The San Antonio Independent School District has now released the identities of the three people involved in the school bus accident on Thursday.
The driver has been identified as 73-year-old Elisha Owens, the bus monitor has been identified as 46-year-old Velma Pena and the student as 7-year-old Luis Zamarripa.
Both the driver and student have been released from the hospital and the bus monitor does not have life-threatening injuries.
The district is still investigating how the crash happened but district spokeswoman Leslie Price said a car did strike the bus before the crash.
The scene on the Interstate 37 access road made national news after the bus crashed off the elevated portion of the freeway. Miraculously, none of those on board was seriously injured.
Witnesses noted that the bus seemed to break apart after the accident.
Bus safety expert Jeff Cassell said that is actually a new safety feature.
He emailed: “This has been designed to allow the body to part from the chassis to help dissipate the energy in a crash. The body and frame is held to the chassis with large clips that free up in a crash.”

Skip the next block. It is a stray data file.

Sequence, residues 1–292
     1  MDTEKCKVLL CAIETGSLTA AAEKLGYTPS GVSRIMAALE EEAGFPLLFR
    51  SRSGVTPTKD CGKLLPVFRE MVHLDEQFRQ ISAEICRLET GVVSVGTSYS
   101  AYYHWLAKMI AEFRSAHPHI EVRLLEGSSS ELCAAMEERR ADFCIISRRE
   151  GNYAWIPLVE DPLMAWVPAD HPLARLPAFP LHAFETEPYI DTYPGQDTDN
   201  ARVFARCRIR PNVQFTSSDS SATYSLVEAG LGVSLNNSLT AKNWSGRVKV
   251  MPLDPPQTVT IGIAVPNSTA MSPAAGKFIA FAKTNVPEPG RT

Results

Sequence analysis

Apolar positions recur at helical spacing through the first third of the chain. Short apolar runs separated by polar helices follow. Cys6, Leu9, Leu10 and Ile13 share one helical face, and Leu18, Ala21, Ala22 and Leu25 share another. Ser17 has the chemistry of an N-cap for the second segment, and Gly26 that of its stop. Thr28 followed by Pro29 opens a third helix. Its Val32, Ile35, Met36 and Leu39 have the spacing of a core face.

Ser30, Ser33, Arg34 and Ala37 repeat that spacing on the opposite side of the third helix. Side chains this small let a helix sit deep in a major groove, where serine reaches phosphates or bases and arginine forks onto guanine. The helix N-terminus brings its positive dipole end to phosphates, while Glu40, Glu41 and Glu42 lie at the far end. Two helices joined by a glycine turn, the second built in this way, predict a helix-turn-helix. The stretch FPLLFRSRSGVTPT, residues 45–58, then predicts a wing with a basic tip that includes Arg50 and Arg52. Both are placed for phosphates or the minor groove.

As for seatbelts, Price said the driver was wearing one, but she is not sure about the other two passengers.
When it comes to seatbelts, there is a significant difference of opinion among bus safety experts as to whether they make it safer for kids during a crash or more dangerous.
Cassell said seatbelts cause more problems than they solve.
SAISD recognizes there is a disagreement but has gone with seat belts.
"Since 2008, as we've ordered (all) new buses (must) come equipped with seatbelts," Price said.
She said it won't be long before all buses have them.
"At this point, more than half of our fleet has seatbelts on them for the passengers and that's how we order them from now on," Price said.
The Texas Legislature mandated seatbelts years ago but no funding was supplied.
The driver of the car involved in the bus has been identified as 18-yea-old Erica DeLosSantos. She was cited by police for no operator’s license and no insurance.